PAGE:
Above, volunteer Tommy Boggs is holding an albino red rat snake. Below, a
red rat snake and a yellow rat snake live peacefully together. Rat snakes
are non-poisonous and may grow to a length of 8 1/2 feet. They are beneficial
and feed on rodents, small mammals, birds and their eggs. Rat snakes are
known to be very powerful constrictors and excellent climbers. Their habitat
includes sandy pinelands, hammocks and fields.
The Indigo snake, above, is a semi-tropical snake of considerable value for
humans. They are protected by law wherever they are found. Maximum
length is about 8 1/2 feet. Indigo snakes are found in sandy soils and often
crawl into the burrow of the gopher tortoise. They feed on warm or cold
blooded prey such as small mammals, birds, frogs, lizards and other snakes,
including poisonous ones.
The southern king snake, above, is another harmless snake that feeds on
rodents, lizards, birds and small alligators. Like the rat snake, it
is a powerful constrictor and suffocates its prey. Maximum length of the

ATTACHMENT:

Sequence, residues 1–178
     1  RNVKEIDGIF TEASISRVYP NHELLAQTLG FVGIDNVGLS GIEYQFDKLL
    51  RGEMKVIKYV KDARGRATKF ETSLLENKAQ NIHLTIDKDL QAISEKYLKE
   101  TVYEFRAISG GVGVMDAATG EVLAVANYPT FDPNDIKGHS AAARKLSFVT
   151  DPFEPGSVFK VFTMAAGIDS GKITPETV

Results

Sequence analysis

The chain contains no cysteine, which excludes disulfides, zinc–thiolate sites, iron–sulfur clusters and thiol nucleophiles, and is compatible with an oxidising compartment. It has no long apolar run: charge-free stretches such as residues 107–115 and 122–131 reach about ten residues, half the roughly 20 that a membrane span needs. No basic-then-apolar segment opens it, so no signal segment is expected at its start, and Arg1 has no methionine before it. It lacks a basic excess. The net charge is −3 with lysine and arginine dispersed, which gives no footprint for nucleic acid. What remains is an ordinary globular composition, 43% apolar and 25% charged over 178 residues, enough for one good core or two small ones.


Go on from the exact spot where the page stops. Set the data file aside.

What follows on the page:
king snake is 6 feet. King snakes are oviparous in reproduction.
The highly venomous
cottonmouth, above, derives its name from its white fangs and white mouth.
Maximum length is 6 feet. The snake's habitat are the wetlands of Florida.
It is often referred to as a water moccasin. Many toxicologists consider
the venom of the cottonmouth more deadly than that of a rattle snake.
Diet includes both cold and warm blooded mammals.
The venomous timber
rattlesnake, above, and its cousin, the highly venomous Eastern diamond rattlesnake, below, are declining
in numbers. The habitat for these snakes is being removed by urban development.
Their strike is powerful and highly accurate. Their adult length is about
7 feet. They feed on rodents and small mammals. The diamond rattlesnake with
its huge fangs and enormous venom glands represents the maximum degree
Note head of Diamond Rattle snake in center of picture
The venomous Southern
copperhead snake is closely related to the cottonmouth and often referred
to as the "highland moccasin". The adult snake averages about 5
feet in length and prefers rocky ground with nearby wetlands. This snake
is more often found in Northern Florida counties.
||The venomous pygmy rattlesnake
is quite common throughout Florida. It can be found in palmetto flatwoods,
marshes and near lakes. Its rattle is small and can only be heard a few
feet away. Most pygmy rattlers measure less than 18 inches. They feed on
frogs, lizards, mice and other snakes.
Coral snakes, above, belongs to the most deadly known species
of snakes in the world. Their average length is only 2 feet.
They feed on frogs, lizards and other snakes. Coral snakes can be found
throughout Florida in dry, sandy soil as well as in marsh lands. Their
distinct markings are the triangular black head, followed by a bright
yellow band (bottom right corner of picture).